Path to the Throne (Part X)

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Rene, who already knew about her pregnancy—he was a necromancer, after all, and any experienced necromancer could easily detect the number of souls next to him—realized that logic was powerless against Cassie, and started to comfort her. It took him two hours—and very pleasurable ones. Yet Cassandra didn't want to go even after that. She was convinced only by her husband's promise to come to her after the epidemic was over.

Rene wasn't fooling himself. He knew he would last a moon, while the epidemic was in its height and the others still needed him. Then his fate would be sealed. They would try to kill him. As long as you had a necromancer, finding a stake to burn him on was simple enough. So after fending off the disease, he would need to leave. But first, he needed to sell all of his things to get established in his new home, and his dearly beloved Cassie would have to be sent away from the city with all the money he could gather.

So Rene set out to find a family who would want to escape the city as well—at least for a time. He didn't have to search long. A mail coach driver lived two houses away from him. After hearing the necromancer's tale about lilac chickenpox and seeing the proof—one of his children's veins changing color from blue to lilac—Ruben Shikhley was ready to kiss the necromancer's hands and feet, for warning him and saving his boy.

They left the same day in Ruben's carriage. He had promised to get Cassie to Limdor, a small town on the Riolon border, and look after her until the necromancer—or a man with the necromancer's letter and his ring—arrived. He was paid with his family's sterling health, as he drove away with not just Cassandra, alive and well, but with his mother, wife, and two children—before anybody knew anything, before panic swept the streets, before the epidemic broke out in full, and the roads got blocked. They were going to wait out the epidemic in Limdor. Just in case, the necromancer gave his wife a few well-crafted protective amulets designed to reflect unvoiced ill will. Translated into common language, it meant that if the owner of such an amulet got a death hex sent their way, it would be reflected on the originator of the curse. Wishing a broken leg would cripple you, to burn—well, you'd be lucky to stay alive after the fire. Such amulets never worked for long, but Rene hoped to find his wife before they ran out of power.

Cassandra was crying and swore to wait for him. Rene escorted the carriage to the gate and went to visit a life mage. Was it foolish? Yes. Incredibly dangerous? Absolutely. Yet he couldn't do anything else. He just couldn't.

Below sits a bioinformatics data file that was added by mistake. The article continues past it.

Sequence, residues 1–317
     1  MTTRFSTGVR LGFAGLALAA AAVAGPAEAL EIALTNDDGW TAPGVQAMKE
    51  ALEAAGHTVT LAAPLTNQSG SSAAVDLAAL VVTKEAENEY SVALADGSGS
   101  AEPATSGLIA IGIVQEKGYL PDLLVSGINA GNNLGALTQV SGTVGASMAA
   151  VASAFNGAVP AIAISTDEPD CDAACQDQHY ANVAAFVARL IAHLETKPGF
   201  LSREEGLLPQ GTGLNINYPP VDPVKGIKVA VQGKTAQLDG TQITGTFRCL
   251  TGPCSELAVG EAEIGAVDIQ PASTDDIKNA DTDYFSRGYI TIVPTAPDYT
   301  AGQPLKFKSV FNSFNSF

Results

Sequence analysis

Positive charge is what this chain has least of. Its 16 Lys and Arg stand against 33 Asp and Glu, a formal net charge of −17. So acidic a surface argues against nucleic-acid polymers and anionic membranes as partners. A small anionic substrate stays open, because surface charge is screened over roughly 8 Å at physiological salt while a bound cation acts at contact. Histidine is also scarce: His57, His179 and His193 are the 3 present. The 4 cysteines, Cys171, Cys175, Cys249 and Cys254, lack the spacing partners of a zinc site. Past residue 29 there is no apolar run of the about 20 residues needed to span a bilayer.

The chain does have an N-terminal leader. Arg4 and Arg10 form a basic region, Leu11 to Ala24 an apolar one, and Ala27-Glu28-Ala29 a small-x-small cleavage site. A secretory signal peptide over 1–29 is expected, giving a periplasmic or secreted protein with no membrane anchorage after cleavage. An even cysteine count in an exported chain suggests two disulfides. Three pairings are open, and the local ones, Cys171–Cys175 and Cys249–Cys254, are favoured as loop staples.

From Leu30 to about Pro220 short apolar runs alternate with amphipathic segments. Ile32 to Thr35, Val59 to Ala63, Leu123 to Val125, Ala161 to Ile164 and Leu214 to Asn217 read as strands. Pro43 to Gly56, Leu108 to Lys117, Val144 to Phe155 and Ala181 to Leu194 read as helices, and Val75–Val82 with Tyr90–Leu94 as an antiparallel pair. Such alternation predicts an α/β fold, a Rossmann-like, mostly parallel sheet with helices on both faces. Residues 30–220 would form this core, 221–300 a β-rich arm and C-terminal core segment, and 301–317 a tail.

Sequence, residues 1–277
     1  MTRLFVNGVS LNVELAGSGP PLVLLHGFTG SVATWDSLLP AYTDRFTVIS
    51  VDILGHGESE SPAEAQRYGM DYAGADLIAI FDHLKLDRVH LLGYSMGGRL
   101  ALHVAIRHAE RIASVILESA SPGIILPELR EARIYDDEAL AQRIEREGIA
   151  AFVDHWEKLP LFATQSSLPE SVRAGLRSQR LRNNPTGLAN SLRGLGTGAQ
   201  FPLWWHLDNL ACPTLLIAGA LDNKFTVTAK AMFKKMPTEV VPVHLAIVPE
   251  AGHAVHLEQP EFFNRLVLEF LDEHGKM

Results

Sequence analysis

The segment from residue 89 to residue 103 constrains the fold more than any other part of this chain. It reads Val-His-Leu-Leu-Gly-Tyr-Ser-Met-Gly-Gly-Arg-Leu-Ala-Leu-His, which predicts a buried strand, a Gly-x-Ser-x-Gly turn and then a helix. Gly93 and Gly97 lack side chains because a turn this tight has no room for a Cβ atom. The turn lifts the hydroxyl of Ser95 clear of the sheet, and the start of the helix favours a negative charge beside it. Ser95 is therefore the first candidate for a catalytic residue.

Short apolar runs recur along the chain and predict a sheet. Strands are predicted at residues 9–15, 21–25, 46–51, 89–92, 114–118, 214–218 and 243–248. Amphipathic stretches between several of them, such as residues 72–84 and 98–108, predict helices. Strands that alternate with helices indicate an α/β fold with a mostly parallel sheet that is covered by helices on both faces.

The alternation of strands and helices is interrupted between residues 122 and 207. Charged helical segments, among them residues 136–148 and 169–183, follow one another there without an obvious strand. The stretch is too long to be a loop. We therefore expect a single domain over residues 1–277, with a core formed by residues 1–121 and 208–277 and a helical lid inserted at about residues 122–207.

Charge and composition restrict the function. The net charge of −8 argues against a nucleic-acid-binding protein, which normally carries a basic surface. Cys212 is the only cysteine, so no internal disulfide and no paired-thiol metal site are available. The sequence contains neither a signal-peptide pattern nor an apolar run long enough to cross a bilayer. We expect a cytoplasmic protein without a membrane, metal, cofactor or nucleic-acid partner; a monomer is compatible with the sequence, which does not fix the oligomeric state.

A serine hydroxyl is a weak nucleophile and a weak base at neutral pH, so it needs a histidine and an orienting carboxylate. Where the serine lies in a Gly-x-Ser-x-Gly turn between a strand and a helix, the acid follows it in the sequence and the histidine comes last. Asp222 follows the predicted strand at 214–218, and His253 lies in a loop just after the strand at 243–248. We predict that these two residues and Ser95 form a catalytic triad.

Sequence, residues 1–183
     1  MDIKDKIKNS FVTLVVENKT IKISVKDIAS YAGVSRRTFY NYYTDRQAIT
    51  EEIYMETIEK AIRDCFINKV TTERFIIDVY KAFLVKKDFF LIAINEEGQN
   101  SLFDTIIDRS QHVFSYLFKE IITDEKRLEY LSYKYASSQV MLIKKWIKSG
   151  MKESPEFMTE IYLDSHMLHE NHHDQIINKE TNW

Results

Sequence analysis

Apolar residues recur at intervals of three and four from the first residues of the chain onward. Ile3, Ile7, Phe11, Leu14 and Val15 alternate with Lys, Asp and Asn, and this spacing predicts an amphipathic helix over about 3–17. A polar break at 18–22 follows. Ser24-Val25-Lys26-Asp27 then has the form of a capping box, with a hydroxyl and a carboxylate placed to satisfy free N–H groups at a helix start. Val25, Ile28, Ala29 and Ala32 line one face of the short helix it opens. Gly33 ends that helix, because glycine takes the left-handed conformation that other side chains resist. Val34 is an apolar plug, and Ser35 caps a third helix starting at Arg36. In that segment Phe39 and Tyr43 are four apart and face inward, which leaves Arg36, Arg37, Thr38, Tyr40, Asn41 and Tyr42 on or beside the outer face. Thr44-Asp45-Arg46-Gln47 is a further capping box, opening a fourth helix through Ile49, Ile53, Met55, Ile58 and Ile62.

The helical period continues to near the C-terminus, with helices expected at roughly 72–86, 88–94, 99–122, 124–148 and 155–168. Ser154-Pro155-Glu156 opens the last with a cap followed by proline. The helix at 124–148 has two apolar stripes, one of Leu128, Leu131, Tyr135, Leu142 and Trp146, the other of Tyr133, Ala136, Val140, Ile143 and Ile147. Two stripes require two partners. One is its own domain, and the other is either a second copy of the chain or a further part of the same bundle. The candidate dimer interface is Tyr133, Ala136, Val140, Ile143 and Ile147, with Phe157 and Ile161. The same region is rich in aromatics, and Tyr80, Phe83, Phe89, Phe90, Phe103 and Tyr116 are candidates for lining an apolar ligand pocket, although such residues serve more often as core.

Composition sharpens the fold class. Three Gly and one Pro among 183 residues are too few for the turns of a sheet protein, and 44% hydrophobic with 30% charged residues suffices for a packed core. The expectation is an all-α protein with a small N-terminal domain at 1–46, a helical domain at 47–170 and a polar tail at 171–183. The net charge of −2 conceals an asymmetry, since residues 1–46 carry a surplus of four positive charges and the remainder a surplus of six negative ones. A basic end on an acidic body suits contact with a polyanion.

Was it honor? Stupidity? Naiveté? The feelings that drove him were hard to describe. He knew necromancy was outlawed, that people he helped to save would all run toward a thrall of the Bright Saint to confess and repent all to avoid "becoming corrupted with the Tempter's taint," that an enraged crowd could easily tear him to pieces.

He knew all of that, and yet, it was his home, his city, his people. He talked to them on the streets and drank with them in the taverns, prayed with them, and broke the law with them, laughed and danced during festivals. Two houses down the street from his house lived Fanchetta Merlo, a once pretty girl who he had been secretly in love with in his youth. Since then, she had turned into a happy chubby mother of six. Every time she saw Rene, she smiled, and her husband, a renowned cobbler, often invited him for a visit. Their children snuggled up to Rene and asked him to tell them stories about knights.

If he left the city, they would all be dead. They didn't even have money for treatment, and necromancers generally weren't known for philanthropy and helping the law. As for Rene, he had never been ostracized, and after meeting Cassie, he became a rare thing—a happy necromancer. And he started to think about people like Uncle Jenn, the innkeeper, and his three pretty daughters, who delivered heavy food trays, their cute cheeks reddening after hearing a coarse word. Even noblemen visited Uncle Jenn's tavern because nobody could even raise their voice inside, not to mention swearing or yelling at another. Then there was Shadow Richelle, the Night King, who was Rene's constant employer for almost twenty years, back when Shadow was just a lucky pickpocket, and Rene was only starting to practice his magic. And there was his son, too—the child of a runaway nun who had died in childbirth, his father's pride and joy. And there were hundreds of other people, whom Rene barely knew, but couldn't abandon to their fate.

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